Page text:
Use The Ocean Is by Kathleen Kranking as a mentor text and as an introduction to metaphors for students.

Via Jim Lerman
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20+ top iPad apps for writers - Daily Genius

20+ top iPad apps for writers - Daily Genius | Feed the Writer | Scoop.it
Here’s a terrific list of the best apps for writing on your iPad that is going to be of some great use for students of just about any age. Whether you’re in primary school or attending a university, you need to have a better way to take notes and jot down ideas than your standard notebook.

Via Jim Lerman
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Why Fan Fiction Is The Future of Publishing - Daily Beast

Why Fan Fiction Is The Future of Publishing - Daily Beast | Feed the Writer | Scoop.it
How ‘Fifty Shades of Grey’ took #FanFic from literary backwater to publishing powerhouse.
Sarah McElrath's insight:

Interesting look at the place of fan fiction in the world of writing and publishing.

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301 Prompts for Argumentative Writing - New York Times (blog)

301 Prompts for Argumentative Writing - New York Times (blog) | Feed the Writer | Scoop.it
For our Second Annual Student Editorial Contest, in which teenagers are invited to write on an issue they care about, we have gathered a list of 301 writing prompts that may help — an update to last year’s popular list of 200.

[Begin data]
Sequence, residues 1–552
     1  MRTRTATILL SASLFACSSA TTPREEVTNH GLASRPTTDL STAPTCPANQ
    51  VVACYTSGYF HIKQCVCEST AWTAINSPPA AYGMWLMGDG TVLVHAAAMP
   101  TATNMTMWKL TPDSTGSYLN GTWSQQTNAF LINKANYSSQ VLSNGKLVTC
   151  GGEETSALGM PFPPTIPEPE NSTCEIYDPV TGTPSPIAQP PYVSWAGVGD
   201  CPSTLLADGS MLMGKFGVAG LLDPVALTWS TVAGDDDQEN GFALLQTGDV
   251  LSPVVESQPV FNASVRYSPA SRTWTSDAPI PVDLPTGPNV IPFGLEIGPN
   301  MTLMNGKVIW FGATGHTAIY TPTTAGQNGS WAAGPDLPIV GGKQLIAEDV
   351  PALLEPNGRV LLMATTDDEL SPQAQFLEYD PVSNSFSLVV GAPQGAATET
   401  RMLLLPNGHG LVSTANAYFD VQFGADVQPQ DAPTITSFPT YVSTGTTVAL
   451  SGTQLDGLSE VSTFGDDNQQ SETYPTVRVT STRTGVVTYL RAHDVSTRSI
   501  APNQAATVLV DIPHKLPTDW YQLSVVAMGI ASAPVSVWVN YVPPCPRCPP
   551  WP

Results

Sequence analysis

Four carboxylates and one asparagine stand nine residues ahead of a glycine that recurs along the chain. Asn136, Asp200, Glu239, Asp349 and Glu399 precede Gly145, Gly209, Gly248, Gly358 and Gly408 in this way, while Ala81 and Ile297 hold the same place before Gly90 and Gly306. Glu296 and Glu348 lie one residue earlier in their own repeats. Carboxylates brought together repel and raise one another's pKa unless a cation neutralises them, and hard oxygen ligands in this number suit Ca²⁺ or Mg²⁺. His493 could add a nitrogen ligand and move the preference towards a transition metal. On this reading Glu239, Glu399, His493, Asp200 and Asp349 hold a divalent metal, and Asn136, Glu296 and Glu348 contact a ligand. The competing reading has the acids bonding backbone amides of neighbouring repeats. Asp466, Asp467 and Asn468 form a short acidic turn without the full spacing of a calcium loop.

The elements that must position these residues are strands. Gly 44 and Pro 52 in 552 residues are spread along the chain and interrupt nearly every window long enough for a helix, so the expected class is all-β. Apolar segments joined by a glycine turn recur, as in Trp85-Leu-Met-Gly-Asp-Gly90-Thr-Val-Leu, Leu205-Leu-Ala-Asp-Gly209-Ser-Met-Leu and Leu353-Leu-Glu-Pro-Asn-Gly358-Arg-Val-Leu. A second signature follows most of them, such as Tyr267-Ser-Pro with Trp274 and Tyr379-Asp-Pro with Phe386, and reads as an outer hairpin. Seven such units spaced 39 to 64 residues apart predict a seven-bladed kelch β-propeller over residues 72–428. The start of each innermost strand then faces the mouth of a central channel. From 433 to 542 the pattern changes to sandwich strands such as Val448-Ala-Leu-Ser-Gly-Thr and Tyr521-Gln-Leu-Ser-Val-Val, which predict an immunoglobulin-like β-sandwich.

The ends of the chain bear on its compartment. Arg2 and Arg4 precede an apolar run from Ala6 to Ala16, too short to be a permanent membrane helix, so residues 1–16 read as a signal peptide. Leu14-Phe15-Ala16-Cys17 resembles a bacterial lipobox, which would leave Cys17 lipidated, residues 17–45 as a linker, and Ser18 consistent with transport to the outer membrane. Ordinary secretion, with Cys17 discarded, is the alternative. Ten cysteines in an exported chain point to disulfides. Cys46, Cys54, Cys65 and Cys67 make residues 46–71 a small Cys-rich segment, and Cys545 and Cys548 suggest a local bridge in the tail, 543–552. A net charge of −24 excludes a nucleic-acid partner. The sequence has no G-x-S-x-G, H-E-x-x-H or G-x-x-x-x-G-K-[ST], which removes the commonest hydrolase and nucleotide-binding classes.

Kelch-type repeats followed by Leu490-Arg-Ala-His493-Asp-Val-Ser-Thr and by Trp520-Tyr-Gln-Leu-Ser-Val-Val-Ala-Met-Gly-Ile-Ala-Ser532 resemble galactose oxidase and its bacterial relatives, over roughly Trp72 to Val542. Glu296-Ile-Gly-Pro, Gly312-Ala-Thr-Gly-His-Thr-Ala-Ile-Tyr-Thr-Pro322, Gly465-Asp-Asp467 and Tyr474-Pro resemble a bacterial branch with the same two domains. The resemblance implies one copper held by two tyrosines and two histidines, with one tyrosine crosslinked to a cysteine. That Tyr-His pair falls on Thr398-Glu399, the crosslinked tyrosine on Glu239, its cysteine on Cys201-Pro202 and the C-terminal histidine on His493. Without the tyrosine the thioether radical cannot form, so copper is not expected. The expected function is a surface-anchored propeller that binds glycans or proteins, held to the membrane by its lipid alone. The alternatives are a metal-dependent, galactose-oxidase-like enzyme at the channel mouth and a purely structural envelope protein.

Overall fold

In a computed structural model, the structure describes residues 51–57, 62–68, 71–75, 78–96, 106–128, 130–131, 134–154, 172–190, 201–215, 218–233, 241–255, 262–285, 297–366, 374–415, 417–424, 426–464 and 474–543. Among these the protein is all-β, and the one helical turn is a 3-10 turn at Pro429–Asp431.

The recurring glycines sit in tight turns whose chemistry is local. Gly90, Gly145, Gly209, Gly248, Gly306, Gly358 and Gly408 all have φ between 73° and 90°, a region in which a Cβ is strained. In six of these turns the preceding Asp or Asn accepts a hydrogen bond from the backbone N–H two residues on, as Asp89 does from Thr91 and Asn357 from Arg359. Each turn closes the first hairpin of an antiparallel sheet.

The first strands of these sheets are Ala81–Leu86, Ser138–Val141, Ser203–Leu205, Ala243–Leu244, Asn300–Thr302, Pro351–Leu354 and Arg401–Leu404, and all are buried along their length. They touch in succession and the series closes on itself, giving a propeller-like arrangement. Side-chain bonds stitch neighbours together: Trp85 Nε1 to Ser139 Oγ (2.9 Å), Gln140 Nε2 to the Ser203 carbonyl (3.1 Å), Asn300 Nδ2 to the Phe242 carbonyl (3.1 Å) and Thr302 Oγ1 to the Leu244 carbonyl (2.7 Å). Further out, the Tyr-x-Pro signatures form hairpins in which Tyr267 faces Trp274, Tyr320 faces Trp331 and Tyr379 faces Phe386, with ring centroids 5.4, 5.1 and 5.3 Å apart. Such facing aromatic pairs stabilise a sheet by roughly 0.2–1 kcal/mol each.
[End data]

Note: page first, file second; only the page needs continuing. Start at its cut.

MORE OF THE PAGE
Sarah McElrath's insight:

Some great and relevant topics here.

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Learn and Write Diamante Poems with a Free App - ClassTechTips.com

Learn and Write Diamante Poems with a Free App - ClassTechTips.com | Feed the Writer | Scoop.it
If you’re looking to motivate student poets in grades K through 12 you’ll want to check out Diamante Poem in the Apple App Store or Google Play Store.  This interactive app can help students understand how to create this special type of poem.  ReadWriteThink offers a variety of lesson plans for teachers to use with this app.  It is a good choice for one-to-one classrooms or an option for a literacy center.  Whether you are teaching a unit on poetry or just helping students understand the difference between nouns and verbs, Diamante Poem is a fun free app for ELA classes.

Via John Evans
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Rescooped by Sarah McElrath from Creativity Scoops!
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8 Ways To Be More Creative At Work, From The Mind Behind "Brain Games" - Co.Create

8 Ways To Be More Creative At Work, From The Mind Behind "Brain Games" - Co.Create | Feed the Writer | Scoop.it
Brain Games host Jason Silva discusses how the behavioral revelations gleaned through his series can create a happier, more productive workplace.

Via Creativity For Life
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Grammarly | Instant Grammar Check - Plagiarism Checker - Online Proofreader

Check your grammar right from your browser or Microsoft Office. Improve your writing in emails, documents, social media posts, messages, and more.
Sarah McElrath's insight:

Even checks if the word is correct for the context -- ie. their, they're, there.